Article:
The Wall Street Journal has a special report today on how to address the inability of more women to make it to the top of corporate America. It’s worth reading for its many observations-for one, that women need fewer "mentors," that is, people who provide advice and encouragement, than "sponsors," people who actually have the ability to put younger women in the running for challenging jobs. I found particularly interesting the insights of Indra Nooyi , chairman and chief executive of PepsiCo. She said one crucial difference for men and women as they make their way up is the way they are given criticism. She says male culture allows one man to say to another, "You screwed up, man." And the other guy will answer, "You think so? Tell me what I did wrong."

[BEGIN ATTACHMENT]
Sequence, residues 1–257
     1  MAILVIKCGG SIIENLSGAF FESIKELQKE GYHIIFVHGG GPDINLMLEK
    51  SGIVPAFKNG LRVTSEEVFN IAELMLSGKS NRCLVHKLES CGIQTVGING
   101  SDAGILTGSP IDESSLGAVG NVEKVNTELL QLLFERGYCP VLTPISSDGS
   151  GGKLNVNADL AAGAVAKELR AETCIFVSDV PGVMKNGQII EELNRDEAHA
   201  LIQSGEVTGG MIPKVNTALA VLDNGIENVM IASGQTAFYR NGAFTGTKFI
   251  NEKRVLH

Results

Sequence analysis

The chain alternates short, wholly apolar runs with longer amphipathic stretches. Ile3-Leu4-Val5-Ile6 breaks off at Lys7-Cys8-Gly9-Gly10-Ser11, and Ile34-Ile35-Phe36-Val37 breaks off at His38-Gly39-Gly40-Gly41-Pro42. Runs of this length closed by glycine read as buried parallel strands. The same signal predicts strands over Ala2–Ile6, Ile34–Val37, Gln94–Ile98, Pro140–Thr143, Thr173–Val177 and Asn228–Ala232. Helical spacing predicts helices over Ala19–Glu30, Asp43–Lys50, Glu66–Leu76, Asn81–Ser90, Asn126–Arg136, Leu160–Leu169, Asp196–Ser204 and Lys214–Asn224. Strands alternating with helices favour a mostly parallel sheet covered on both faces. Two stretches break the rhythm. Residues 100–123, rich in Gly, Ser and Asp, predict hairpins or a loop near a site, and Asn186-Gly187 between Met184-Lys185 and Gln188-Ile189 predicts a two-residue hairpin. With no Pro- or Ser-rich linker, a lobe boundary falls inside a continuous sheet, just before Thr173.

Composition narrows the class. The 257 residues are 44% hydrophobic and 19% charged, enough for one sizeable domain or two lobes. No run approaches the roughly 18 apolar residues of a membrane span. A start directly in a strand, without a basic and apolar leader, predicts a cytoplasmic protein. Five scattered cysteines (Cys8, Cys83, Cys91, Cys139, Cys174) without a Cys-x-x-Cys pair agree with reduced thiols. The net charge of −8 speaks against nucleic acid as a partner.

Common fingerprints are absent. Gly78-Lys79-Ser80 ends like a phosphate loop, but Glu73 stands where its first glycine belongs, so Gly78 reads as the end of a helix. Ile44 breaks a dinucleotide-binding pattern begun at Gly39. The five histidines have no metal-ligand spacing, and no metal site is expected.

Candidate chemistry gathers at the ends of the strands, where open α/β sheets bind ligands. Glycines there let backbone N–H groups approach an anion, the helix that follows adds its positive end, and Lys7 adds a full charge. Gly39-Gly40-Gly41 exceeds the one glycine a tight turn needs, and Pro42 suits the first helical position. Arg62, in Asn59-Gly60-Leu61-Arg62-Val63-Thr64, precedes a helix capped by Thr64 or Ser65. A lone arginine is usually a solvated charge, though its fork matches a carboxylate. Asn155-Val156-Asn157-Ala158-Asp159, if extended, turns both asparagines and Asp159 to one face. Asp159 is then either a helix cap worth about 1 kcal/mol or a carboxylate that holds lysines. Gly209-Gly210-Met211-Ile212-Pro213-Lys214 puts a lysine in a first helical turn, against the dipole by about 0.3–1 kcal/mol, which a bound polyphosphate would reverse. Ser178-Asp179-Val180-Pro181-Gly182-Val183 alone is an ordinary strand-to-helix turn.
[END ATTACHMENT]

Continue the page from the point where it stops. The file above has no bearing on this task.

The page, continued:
She said men are less likely to be that blunt with women-although they’ll shred them behind their back. So instead of getting helpful advice, women just get denigrated. Obviously, that needs to change. But she adds that women need to change, too. She says women are less comfortable both giving and receiving tough criticism. So women managers are seen as less direct, especially with other women. And women who receive tough feedback can feel they’re being treated in an unsupportive way. Nooyi herself says she is unusually blunt and as a young executive was the person in the room to declare that the plan before them was "crap." She was advised to keep her directness, but tone it down. She seems to be saying there’s a third way-blunt but not cruel-that needs to become part of both male and female managers’ lexicon.